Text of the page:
Values at work

Comparing affirming and challenging narratives of nurses and physicians in a large health system


  • Richard M. Frankel Indiana University School of Medicine
  • Thomas S. Inui Indiana University School of Medicine
  • Orit Karnieli-Miller Tel-Aviv University



communication, interprofessional relationships, language, professional education, social values


Tensions between nurses and physicians have been linked to differences in power, hierarchy, education, compensation and gender. Less attention has been paid to the underlying values on which these differences are predicated. Likewise, little is known about how frequently values conflicts are resolved, and the threats to patient safety unresolved conflicts pose. Our aim was to compare the values embedded in affirming and challenging narratives elicited from nurses and physicians from a large health system. We used thematic analysis and descriptive statistics to assess goodness-of-fit of observed differences in themes. Narratives were coded into eight values categories. Nurses felt affirmed by emotional investment, altruism, humanism, and being of service; for physicians, it was humanism and teamwork. Nurse challenges involved respect, altruism/kindness and emotional investment. For physicians it was also respect and, in addition, professionalism, being of service, humanism and teamwork. Some values affirming narratives, e.g., humanism, were indistinguishable, while for some values challenging narratives e.g., respect, there was virtually no overlap. Participant narratives provide important insights into work-life satisfaction and tensions arising from differences in the underlying values of close working professional groups. Unresolved values conflicts are a potential threat to quality, safety and effective relationships.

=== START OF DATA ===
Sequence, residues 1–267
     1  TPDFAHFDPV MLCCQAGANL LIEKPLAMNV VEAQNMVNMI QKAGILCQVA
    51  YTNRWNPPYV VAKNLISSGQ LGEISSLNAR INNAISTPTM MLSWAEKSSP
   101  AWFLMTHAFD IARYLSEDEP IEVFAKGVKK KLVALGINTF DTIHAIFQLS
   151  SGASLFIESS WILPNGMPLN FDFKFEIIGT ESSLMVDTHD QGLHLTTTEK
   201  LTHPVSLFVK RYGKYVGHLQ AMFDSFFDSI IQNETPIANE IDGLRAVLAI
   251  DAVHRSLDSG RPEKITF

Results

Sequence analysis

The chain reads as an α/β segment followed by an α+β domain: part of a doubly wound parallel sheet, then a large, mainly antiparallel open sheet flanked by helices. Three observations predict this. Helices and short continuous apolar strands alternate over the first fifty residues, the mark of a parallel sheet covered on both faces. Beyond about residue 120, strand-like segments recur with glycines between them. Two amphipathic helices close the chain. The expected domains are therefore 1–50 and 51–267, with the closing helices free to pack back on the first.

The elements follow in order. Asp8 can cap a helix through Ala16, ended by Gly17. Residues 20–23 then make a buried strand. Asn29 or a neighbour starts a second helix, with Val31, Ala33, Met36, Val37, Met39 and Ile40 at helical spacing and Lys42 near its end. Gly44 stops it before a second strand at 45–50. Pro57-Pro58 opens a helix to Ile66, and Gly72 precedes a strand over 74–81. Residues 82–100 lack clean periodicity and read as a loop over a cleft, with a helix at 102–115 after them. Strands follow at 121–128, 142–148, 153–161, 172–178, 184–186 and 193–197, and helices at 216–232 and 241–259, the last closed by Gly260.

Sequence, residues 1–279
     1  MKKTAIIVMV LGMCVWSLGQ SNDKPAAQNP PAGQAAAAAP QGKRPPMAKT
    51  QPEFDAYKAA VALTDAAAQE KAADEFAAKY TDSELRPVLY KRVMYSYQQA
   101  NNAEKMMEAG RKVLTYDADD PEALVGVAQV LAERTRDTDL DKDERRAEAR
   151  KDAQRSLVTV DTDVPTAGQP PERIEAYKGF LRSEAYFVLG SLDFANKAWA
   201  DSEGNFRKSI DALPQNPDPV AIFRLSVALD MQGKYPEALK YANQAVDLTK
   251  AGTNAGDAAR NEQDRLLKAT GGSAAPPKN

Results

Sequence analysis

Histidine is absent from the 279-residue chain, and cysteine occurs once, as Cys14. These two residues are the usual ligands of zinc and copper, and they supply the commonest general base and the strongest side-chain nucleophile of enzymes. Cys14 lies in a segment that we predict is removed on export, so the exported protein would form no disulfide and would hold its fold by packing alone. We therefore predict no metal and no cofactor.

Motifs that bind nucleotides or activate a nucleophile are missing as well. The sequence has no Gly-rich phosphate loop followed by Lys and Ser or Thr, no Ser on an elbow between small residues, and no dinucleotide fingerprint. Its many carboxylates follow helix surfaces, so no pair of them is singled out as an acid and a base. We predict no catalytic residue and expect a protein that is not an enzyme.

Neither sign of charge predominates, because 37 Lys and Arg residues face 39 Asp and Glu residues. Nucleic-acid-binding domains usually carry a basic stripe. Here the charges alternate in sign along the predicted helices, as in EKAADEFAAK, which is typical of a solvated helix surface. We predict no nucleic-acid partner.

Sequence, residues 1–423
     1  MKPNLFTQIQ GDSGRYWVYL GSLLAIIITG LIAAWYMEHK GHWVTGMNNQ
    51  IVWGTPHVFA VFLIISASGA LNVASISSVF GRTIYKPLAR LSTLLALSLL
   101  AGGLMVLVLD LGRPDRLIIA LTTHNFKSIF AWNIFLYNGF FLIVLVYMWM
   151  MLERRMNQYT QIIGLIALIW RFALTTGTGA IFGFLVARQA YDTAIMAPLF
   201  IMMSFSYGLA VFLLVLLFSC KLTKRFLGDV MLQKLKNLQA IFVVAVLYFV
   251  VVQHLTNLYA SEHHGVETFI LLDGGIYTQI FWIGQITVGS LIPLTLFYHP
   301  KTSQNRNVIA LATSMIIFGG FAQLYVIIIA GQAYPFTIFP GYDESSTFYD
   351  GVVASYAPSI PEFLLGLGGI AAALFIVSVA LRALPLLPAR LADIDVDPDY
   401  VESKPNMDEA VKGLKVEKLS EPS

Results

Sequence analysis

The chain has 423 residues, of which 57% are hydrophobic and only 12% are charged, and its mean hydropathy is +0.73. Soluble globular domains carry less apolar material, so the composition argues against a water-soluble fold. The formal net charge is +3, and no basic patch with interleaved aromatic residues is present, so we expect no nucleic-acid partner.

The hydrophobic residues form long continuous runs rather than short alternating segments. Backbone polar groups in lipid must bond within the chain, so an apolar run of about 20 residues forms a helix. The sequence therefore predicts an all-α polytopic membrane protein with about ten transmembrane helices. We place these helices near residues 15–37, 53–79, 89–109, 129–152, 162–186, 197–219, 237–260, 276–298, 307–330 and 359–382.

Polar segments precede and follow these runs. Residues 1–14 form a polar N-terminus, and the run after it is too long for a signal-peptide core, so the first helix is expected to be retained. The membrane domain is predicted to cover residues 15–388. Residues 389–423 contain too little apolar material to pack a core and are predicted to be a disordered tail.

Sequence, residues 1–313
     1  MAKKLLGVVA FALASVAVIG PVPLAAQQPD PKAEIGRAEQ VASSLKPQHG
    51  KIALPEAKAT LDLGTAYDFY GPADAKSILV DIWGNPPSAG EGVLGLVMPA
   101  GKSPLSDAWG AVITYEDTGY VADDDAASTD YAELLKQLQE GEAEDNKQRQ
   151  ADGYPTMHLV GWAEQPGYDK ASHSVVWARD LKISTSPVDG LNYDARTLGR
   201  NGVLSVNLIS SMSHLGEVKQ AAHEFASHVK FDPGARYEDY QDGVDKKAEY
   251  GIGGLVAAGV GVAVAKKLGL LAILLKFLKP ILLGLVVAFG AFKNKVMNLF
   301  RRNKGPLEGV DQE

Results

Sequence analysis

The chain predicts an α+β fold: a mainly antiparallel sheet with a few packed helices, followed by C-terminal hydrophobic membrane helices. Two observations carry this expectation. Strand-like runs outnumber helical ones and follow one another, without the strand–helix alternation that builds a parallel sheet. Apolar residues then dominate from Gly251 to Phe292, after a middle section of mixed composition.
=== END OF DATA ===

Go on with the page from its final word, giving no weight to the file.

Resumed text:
Author Biographies

Richard M. Frankel, Indiana University School of Medicine

Richard Frankel is professor of medicine and geriatrics at Indiana University School of Medicine and currently the director of the ASPIRE (Advanced Scholars Program for Internists in Research and Education) Fellowship. He is also a senior health services research scientist at the Regenstrief Institute and a staff member in the Education Institute at the Cleveland Clinic, where he co-leads the Civility, Professionalism and Resilience program. He has published more than 275 scientific articles and authored or edited seven books.

Thomas S. Inui, Indiana University School of Medicine

Thomas S. Inui received his MD from Johns Hopkins School of Medicine. A retired academic physician and active community service volunteer, his emphasis in teaching and research has included physician–patient communication, chronic disease management, health promotion and disease prevention, the social context of medicine and medical humanities. He has published more than 335 peer-reviewed articles and authored or edited eight monographs and books.

Orit Karnieli-Miller, Tel-Aviv University

Orit Karnieli-Miller has a PhD in social work from the University of Haifa, focused on communication in healthcare. She is currently Associate Professor at the Sackler School of Medicine at Tel Aviv University.Her emphasis in teaching and research is on physician–patient communication, breaking bad news, shared decision making, triadic (doctor–patient– companion) communication and professionalism.


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How to Cite

Frankel, R. M., Inui, T. S., & Karnieli-Miller, O. (2020). Values at work: Comparing affirming and challenging narratives of nurses and physicians in a large health system. Communication and Medicine, 15(3), 268–281.